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Spotlight on Economics: The Economics of Plants Engineered to Replace Oil

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David Ripplinger - Bioproducts and Bioenergy Economist and Assistant Professor, NDSU Agribusiness and Applied Economics Department David Ripplinger - Bioproducts and Bioenergy Economist and Assistant Professor, NDSU Agribusiness and Applied Economics Department
As a new industrial crop, energy beets are expected to help meet the need for renewable feedstocks to replace high-cost fossil fuels.

By David Ripplinger, Bioproducts and Bioenergy Economist and Assistant Professor

NDSU Agribusiness and Applied Economics Department

NDSU and Plant Sensory Systems, a Maryland-based agricultural biotechnology company, has started researching the biological, economic and environmental benefits of the Nitrogen Use Efficient and Stress Tolerant Crops (NUEST) technology in energy beets.

Energy beets are varieties of cultivated beets bred to maximize total sugar per acre, compared with sugar beets that were developed to maximize sucrose and minimize the presence of impurities. As a new industrial crop, energy beets are expected to help meet the need for renewable feedstocks to replace high-cost fossil fuels.

The NUEST technology dramatically increases plant biomass, sugar content, and nitrogen and water use efficiency. The technology holds promise for improving the profitability of energy beet-based industrial sugars by reducing energy beet production costs and increasing their value. The environmental benefits can be monetized because of federal and state renewable fuel policies.

The research is sponsored by the Advanced Research Projects Agency-Energy (ARPA-E), an agency modeled after the Department of Defense’s DARPA-E program that laid the groundwork for many innovations such as the Internet and GPS.

I lead NDSU’s team that is charged with conducting the economic and environmental analyses. While our research is quite applied, it gets at the heart of economics, which are tradeoffs. Changes in per-acre tonnage and sugar, as well as varying responses to inputs, especially nitrogen fertilizer, echo across the supply chain. They impact farmers’ decisions to produce the crop, such as prices that farmers are willing to accept and biorefineries are willing to pay, and the price of the resulting industrial sugar that can be used to produce biofuels, biochemicals and biomaterials.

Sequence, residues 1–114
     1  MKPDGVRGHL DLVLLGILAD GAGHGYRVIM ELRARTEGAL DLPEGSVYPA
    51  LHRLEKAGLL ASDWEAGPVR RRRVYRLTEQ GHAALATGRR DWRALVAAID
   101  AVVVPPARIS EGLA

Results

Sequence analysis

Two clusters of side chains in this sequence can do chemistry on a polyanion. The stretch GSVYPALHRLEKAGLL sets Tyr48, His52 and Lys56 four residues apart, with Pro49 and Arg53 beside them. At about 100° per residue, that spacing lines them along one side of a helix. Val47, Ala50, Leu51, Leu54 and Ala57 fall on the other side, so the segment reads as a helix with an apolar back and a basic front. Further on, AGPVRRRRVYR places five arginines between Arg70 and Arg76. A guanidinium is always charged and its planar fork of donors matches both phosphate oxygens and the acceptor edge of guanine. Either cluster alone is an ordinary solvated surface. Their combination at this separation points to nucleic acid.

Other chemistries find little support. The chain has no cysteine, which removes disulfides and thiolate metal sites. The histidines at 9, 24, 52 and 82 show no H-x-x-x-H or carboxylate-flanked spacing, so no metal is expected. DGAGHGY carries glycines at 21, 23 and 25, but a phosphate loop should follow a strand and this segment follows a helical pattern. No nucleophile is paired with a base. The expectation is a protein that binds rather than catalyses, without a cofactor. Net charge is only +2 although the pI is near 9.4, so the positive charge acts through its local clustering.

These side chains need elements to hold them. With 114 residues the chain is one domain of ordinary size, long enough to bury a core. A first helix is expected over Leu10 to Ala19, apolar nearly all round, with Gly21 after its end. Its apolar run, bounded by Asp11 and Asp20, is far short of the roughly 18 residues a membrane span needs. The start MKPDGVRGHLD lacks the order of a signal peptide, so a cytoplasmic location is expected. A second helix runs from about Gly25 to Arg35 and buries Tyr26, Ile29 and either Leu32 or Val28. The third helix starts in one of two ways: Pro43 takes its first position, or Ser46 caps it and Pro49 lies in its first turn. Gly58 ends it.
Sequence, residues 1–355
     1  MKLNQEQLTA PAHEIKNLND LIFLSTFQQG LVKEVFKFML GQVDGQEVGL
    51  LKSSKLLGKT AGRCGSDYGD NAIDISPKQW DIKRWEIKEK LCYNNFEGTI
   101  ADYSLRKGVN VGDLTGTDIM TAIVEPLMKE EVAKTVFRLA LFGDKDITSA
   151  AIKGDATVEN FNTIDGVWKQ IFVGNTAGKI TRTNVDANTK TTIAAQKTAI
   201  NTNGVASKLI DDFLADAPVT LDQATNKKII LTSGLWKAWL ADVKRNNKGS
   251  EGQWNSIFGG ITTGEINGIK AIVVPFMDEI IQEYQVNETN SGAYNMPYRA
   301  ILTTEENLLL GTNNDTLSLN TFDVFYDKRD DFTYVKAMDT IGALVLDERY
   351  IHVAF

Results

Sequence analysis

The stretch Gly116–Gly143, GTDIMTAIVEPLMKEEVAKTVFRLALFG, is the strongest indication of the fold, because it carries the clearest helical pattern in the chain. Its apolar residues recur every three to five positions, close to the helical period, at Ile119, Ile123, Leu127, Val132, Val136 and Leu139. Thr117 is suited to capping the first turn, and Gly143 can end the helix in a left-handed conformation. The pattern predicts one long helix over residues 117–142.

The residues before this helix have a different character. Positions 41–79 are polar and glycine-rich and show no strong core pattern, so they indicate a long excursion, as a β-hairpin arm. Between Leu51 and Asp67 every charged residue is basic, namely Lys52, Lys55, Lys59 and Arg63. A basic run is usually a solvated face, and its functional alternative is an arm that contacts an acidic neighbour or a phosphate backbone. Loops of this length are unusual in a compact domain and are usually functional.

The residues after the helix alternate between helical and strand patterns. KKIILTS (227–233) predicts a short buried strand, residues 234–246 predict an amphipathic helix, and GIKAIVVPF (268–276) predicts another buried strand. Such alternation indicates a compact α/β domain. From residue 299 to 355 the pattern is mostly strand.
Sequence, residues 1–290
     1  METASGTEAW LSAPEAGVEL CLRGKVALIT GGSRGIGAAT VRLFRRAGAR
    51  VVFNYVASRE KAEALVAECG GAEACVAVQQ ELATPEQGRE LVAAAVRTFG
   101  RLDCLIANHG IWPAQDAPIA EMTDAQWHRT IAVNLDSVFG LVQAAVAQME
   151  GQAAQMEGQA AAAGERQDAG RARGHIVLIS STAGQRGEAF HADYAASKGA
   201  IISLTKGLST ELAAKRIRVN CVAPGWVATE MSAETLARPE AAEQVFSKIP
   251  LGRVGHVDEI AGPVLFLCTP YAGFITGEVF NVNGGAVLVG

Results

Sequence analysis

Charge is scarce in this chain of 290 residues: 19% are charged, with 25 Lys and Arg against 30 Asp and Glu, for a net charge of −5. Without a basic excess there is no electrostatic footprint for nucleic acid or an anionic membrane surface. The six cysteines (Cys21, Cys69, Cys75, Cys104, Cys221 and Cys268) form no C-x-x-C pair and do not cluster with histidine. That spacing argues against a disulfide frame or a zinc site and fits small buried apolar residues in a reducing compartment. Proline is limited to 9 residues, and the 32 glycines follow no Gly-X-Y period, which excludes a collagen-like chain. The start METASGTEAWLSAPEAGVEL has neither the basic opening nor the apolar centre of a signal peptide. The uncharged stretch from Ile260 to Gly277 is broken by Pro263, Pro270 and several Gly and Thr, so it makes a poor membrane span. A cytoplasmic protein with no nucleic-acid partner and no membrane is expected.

The project includes the development of a technology-to-market plan that evaluates the economics of energy beet production and conversion to ethanol. Ethanol is used as a baseline for comparison, although it is likely that energy beets-based industrial sugar also will be used for other higher-value uses. The plan will consider the competiveness of energy beet production against other crops by using traditional crop budgets and against other ethanol pathways by designing and optimizing regional energy beet ethanol systems.

The ARPA-E project is national in scope and considers production in the northern Plains, plus the West and South, where different beet production and storage practices are expected to be used. In the northern Plains, production is expected to be similar to that used by the sugar beet industry, which is a fall harvest and outdoor storage that is aided by cold weather. In the West, irrigation and a continual harvest is planned. In the South, energy beets will be a winter crop.

The estimation of environmental impacts is a fundamental component of analyzing the feasibility of new crops and renewable products. This is done by conducting a life cycle assessment (LCA). A LCA tracks equipment and processes used and energy consumed to estimate greenhouse gas emissions. These estimates are compared with other, often petroleum-based, products. Feedstocks with smaller footprints are preferred and, in some cases, are critical. The same holds true with biofuels, where a reduction in greenhouse gas emissions relative to gasoline is required for approval by the Environmental Protection Agency.

Life cycle assessments also are helpful in conducting economic modeling because they require a high level of precision. Furthermore, the resulting estimates of physical greenhouse gas emissions can be priced by allowing for a comparison of the economic costs of alternative products. In the case of energy beets using the NUEST technology, reductions in nitrogen fertilizer, which has a large carbon footprint, or yield increases would significantly improve its LCA.

The project builds upon and complements ongoing activities in North Dakota, which is at the forefront of North American energy beet development. These activities have received support from North Dakota’s Renewable Energy Program, the Agricultural Products Utilization Committee and 12 local communities. Private partners include Betaseed, Syngenta, Green Vision Group and Heartland Renewable Energy.

This summer, there will be 14 trials of energy beet varieties under dryland and irrigated conditions across the state.


NDSU Agriculture Communication – June 12, 2013

Source:David Ripplinger, (701) 231-5265, david.ripplinger@ndsu.edu
Editor:Rich Mattern, (701) 231-6136, richard.mattern@ndsu.edu
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